Today, 21st December marks the Winter Solstice, the shortest day of the year in the Northern Hemisphere. It is the time when the sun shines at the most southern point and the official start of winter. The sun rose at 8:04 am today and will set at 3:54 pm, providing less than 8 hours of daylight. Those in the Southern Hemisphere are currently having the Summer Solstice, which is the longest day of the year. This is because solstices are opposite on either side of the equator.
Winter Solstice around the world
The Winter Solstice is celebrated across the globe. It is considered a pagan festival but it is celebrated along with other cultural and religious traditions. In the UK, the biggest celebrations take place at Stonehenge in England. Last year, more than 5,000 people gathered at one of the most famous astronomical monuments in the world. These are composed of pagans, druids, wiccans, historians, environmentalists, astronomers, hippies, tourists, locals, students, and other on-lookers. Practitioners of Buddhist meditation and followers of eastern religions also take part in the gathering.
In China and Taiwan, this celebration is called Dongzhi Festival, which is a special time for families. They eat festive food like tangyuan (glutinous rice) that symbolises reunion and each family member gets at least one. It is believed to have originated from an end-of-harvest festival where workers get to enjoy the fruits of their labor.
In Iran, it is called Yalda or Shab-e Yalda, symbolising the last day of their Persian month of Azar. People celebrate the birthday of sun god Mithra and view this day as the victory of light over dark. Families gather and bond over pomegranates, nuts and other special food. They usually stay up all night to welcome the sunrise.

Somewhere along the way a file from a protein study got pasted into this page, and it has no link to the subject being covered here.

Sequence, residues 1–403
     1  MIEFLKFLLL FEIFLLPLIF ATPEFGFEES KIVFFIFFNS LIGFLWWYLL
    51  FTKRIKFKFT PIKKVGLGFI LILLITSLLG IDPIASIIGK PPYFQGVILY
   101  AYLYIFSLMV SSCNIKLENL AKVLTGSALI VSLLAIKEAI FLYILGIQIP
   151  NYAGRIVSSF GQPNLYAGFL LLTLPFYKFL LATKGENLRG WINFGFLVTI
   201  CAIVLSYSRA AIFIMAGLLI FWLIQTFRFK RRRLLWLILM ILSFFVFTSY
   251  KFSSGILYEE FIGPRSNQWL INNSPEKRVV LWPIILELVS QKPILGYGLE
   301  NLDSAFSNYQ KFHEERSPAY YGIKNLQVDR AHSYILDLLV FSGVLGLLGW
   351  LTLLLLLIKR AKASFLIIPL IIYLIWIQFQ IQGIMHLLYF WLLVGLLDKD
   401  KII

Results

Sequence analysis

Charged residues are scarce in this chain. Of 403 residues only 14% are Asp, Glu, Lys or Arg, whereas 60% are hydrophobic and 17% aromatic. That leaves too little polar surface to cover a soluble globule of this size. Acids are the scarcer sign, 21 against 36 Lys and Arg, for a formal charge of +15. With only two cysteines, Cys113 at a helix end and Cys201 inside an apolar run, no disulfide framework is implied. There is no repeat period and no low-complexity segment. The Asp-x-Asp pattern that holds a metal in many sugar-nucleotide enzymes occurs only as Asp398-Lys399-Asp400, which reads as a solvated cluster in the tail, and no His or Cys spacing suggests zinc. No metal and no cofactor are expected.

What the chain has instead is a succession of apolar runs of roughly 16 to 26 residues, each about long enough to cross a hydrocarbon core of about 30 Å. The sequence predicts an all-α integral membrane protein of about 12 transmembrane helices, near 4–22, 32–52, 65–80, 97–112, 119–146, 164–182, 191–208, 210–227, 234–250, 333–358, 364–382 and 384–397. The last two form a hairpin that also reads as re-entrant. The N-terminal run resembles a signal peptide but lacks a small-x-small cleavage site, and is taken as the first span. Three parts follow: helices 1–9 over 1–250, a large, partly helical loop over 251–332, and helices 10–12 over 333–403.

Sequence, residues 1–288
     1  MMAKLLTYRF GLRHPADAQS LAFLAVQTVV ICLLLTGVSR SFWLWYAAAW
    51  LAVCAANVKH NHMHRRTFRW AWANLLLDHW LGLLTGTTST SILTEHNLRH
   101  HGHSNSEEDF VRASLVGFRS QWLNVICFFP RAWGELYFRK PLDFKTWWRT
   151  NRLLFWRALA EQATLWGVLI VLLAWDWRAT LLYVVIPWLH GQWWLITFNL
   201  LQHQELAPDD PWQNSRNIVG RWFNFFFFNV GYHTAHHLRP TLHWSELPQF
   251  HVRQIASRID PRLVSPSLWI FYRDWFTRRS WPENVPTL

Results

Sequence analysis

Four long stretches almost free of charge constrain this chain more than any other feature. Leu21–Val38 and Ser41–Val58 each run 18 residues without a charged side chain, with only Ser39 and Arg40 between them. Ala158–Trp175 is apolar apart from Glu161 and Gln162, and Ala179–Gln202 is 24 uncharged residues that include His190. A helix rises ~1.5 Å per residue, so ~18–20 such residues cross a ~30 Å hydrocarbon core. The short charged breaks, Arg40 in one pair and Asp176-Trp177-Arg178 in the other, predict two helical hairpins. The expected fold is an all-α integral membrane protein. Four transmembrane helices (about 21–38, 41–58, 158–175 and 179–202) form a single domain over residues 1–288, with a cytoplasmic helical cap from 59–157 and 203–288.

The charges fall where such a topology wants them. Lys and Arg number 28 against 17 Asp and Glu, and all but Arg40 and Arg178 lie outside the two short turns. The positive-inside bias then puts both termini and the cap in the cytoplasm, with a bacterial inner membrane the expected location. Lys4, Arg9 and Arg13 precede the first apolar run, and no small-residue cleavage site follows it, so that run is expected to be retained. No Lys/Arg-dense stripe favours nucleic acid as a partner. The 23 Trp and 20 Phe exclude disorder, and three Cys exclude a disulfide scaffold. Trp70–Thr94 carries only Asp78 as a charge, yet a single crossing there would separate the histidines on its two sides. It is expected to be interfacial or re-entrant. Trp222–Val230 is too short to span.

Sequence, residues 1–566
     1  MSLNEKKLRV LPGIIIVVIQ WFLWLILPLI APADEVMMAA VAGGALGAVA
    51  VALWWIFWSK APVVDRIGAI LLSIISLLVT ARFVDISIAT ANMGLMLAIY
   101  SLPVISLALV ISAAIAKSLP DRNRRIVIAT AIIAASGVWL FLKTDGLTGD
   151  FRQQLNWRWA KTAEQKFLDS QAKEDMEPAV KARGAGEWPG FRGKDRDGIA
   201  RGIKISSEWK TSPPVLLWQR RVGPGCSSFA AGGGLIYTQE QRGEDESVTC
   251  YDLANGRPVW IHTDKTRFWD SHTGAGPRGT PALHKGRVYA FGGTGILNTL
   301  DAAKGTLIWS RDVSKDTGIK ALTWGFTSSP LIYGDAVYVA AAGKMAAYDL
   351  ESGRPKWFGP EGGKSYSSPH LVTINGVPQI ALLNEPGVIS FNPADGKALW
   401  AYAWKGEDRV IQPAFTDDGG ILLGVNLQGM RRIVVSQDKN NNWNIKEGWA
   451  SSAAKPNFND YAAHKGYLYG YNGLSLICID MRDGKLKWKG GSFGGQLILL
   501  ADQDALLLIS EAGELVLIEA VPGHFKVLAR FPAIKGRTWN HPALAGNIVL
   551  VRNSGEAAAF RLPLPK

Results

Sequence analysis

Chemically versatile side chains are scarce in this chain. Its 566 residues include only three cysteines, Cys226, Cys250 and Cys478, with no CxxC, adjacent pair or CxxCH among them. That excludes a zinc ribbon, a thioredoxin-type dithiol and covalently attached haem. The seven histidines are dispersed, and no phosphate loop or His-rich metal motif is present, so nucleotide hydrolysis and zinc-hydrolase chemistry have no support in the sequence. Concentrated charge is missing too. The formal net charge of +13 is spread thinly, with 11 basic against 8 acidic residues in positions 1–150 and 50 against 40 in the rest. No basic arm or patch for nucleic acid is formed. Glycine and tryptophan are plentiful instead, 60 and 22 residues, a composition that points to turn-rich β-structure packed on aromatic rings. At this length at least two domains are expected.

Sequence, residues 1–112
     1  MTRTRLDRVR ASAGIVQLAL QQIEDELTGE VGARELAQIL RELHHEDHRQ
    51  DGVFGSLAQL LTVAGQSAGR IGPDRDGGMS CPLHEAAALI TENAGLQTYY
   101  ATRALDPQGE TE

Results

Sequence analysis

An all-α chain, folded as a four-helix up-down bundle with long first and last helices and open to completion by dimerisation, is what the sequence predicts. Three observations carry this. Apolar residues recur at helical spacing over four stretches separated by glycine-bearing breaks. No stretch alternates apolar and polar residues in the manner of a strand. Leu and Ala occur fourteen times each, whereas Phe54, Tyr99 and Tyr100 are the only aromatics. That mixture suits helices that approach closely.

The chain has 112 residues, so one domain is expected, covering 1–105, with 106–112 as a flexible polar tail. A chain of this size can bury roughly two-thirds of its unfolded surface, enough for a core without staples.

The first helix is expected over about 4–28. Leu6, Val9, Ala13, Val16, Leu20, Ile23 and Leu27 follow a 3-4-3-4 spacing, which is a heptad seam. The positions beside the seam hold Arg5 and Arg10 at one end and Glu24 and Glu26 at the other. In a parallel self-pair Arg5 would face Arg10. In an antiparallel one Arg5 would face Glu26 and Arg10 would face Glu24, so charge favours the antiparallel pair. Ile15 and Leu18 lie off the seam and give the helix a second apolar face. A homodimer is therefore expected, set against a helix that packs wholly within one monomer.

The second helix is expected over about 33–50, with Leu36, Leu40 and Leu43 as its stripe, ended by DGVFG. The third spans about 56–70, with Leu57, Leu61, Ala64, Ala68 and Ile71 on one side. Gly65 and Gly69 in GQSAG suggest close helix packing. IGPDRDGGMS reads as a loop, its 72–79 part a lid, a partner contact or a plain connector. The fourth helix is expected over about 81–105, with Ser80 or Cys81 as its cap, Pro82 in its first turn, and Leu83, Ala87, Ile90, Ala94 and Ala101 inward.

The correlation between Winter Solstice and Christmas
Christmas may be a Christian celebration but it is linked with Winter Solstice festivities. It is believed that it specifically came from the feast of Saturnalia in ancient Rome. Saturn is considered the god of abundance in agriculture. Among others, celebrations are characterised by feasting and gift-giving. When Emperor Constantine converted to Christianity, he incorporated some of these customs in Christmas celebrations.
Christmas is also referred as Yule or Yuletide, which comes from the Norse word jól, denoting the pre-Christian festival of Germanic peoples. It later on underwent Christian reformation, which is now known as Christmastide. Researchers have also linked the celebration to the god Odin, Wild Hunt, and Anglo-Saxon Mōdraniht.
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